Plants Use 'Snorkels' To Survive Floods

April 12, 1999

When flooded by water, some plants rapidly send up shoots above the surface and use the new leaves as a kind of 'snorkel'. Dutch biologists are going to investigate the way plants control this adaptive behaviour. It is hoped that the insights gained will ultimately make it possible to select crops which can cope with floods and high water levels. Funding for the project will take the form of a PIONEER subsidy from NWO.

When a plant is submerged during a flood, the level of ethylene gas in the plant rises and the concentration of oxygen falls. So as not to 'drown', certain plants use rapidly growing new shoots as a means of channelling life-saving oxygen through the stalks and roots to their root tips. Up to now, it has been unclear why certain species are capable of triggering this adaptive reaction while other closely related ones are not.

The Dutch biologists hope to unravel this process of underwater growth at the physiological and molecular level. It is clear that the plant perceives the change from air to water and that ethylene and the receptor of this gas on the cell membrane play a role in its doing so. Various hormones evidently give the alarm to various parts of the plant so that the cells can react by accelerating their longitudinal growth and producing the life-saving shoots.

Differences in the capacity to adapt to flooding have a major impact on the natural distribution of plants in low-lying river areas. In such areas in the Netherlands, some species can only be found in locations which are rarely flooded, for example dikes and embankments, whereas other species can be found outside the dikes in low-lying areas which are frequently flooded.
-end-


Netherlands Organization for Scientific Research

Related Plants Articles from Brightsurf:

When plants attack: parasitic plants use ethylene as a host invasion signal
Researchers from Nara Institute of Science and Technology have found that parasitic plants use the plant hormone ethylene as a signal to invade host plants.

210 scientists highlight state of plants and fungi in Plants, People, Planet special issue
The Special Issue, 'Protecting and sustainably using the world's plants and fungi', brings together the research - from 210 scientists across 42 countries - behind the 2020 State of the World's Plants and Fungi report, also released today by the Royal Botanic Gardens, Kew.

New light for plants
Scientists from ITMO in collaboration with their colleagues from Tomsk Polytechnic University came up with an idea to create light sources from ceramics with the addition of chrome: the light from such lamps offers not just red but also infrared (IR) light, which is expected to have a positive effect on plants' growth.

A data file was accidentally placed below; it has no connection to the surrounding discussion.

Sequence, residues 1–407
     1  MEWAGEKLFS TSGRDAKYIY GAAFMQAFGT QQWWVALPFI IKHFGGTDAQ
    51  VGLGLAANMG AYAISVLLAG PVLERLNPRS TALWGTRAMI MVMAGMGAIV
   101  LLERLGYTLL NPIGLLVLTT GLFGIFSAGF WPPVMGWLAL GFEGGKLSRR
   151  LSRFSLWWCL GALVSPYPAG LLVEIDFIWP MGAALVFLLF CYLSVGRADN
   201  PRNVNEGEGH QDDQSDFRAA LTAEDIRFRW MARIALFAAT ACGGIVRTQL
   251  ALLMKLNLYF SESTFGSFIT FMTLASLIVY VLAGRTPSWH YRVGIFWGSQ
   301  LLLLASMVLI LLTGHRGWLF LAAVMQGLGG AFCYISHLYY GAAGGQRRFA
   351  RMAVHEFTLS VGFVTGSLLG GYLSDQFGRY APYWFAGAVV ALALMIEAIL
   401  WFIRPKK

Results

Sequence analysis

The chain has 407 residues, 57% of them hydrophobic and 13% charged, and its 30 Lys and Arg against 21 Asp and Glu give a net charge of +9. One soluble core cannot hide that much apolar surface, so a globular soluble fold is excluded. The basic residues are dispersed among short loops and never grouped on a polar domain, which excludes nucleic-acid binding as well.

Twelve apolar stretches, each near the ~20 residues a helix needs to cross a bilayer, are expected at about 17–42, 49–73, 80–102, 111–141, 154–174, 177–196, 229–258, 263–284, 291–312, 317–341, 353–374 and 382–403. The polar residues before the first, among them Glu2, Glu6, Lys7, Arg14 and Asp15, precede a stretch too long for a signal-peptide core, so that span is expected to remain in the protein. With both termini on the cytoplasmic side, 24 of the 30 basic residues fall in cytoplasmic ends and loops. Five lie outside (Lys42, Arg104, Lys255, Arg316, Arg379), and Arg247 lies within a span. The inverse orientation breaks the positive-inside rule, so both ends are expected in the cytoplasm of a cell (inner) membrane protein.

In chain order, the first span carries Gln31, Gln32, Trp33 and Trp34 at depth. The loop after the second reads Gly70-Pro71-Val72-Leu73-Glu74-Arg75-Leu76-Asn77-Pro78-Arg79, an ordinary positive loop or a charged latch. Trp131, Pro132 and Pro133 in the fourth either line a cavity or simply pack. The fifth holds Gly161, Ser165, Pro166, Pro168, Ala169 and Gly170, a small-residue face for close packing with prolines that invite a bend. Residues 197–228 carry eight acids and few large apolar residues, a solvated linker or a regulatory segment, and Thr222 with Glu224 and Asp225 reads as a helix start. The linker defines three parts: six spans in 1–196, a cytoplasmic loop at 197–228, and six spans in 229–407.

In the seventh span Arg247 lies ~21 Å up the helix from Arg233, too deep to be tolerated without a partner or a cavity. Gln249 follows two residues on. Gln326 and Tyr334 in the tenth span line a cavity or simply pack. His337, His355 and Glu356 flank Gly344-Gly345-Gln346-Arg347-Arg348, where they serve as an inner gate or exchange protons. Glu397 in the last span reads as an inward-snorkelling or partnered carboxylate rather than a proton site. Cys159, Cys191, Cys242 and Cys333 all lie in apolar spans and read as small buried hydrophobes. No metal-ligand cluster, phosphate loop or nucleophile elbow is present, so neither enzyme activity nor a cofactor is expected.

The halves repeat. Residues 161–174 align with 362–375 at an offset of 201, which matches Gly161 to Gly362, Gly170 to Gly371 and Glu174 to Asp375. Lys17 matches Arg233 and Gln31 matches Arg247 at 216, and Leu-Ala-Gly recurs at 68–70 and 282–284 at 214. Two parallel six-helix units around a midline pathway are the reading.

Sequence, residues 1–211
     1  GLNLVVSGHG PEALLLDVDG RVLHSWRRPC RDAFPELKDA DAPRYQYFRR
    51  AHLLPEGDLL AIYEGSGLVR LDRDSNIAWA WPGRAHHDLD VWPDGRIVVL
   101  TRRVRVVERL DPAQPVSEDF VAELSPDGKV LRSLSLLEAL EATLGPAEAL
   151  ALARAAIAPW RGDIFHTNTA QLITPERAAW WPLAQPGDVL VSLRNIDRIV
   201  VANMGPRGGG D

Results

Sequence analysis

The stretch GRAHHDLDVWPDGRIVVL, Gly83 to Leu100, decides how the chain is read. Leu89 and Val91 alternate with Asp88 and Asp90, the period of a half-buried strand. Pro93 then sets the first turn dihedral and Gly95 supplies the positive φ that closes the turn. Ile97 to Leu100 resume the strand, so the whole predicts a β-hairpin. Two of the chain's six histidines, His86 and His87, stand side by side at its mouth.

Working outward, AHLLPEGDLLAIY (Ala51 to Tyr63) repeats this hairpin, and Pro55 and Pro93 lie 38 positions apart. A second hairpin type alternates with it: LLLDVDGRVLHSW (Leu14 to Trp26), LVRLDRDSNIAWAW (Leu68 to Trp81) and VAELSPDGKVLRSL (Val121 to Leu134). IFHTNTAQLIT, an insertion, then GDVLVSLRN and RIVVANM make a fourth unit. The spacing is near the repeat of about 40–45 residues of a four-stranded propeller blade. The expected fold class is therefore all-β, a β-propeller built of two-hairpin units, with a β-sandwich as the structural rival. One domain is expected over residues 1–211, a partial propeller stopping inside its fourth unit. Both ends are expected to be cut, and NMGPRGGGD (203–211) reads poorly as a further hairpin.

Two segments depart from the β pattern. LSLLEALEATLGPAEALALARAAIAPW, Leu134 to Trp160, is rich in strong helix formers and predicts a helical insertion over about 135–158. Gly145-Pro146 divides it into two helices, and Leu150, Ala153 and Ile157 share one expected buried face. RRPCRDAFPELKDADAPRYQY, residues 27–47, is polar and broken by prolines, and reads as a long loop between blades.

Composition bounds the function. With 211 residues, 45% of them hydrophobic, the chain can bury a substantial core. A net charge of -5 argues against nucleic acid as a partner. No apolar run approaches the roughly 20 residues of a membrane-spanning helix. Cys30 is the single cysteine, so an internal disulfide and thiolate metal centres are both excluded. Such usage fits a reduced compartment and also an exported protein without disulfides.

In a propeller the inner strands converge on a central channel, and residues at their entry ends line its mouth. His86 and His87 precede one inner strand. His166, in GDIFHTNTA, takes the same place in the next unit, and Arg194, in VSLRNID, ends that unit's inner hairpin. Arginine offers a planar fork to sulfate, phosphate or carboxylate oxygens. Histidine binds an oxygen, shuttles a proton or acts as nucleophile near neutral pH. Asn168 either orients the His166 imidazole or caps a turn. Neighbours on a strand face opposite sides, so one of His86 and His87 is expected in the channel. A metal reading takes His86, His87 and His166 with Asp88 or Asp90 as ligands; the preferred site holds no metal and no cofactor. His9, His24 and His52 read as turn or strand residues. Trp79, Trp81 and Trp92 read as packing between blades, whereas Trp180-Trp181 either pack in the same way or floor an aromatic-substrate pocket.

How do plants forget?
The study now published in Nature Cell Biology reveals more information on the capacity of plants, identified as 'epigenetic memory,' which allows recording important information to, for example, remember prolonged cold in the winter to ensure they flower at the right time during the spring.

The revolt of the plants: The arctic melts when plants stop breathing
A joint research team from POSTECH and the University of Zurich identifies a physiologic mechanism in vegetation as cause for Artic warming.

How plants forget
New work published in Nature Cell Biology from an international team led by Dr.

Ordering in? Plants are way ahead of you
Dissolved carbon in soil can quench plants' ability to communicate with soil microbes, allowing plants to fine-tune their relationships with symbionts.

When good plants go bad
Conventional wisdom suggests that only introduced species can be considered invasive and that indigenous plant life cannot be classified as such because they belong within their native range.

How plants handle stress
Plants get stressed too. Drought or too much salt disrupt their physiology.

Can plants tell us something about longevity?
The oldest living organism on Earth is a plant, Methuselah a bristlecone pine (Pinus longaeva) (pictured below) that is over 5,000 years old.

Read More: Plants News and Plants Current Events
Brightsurf.com is a participant in the Amazon Services LLC Associates Program, an affiliate advertising program designed to provide a means for sites to earn advertising fees by advertising and linking to Amazon.com.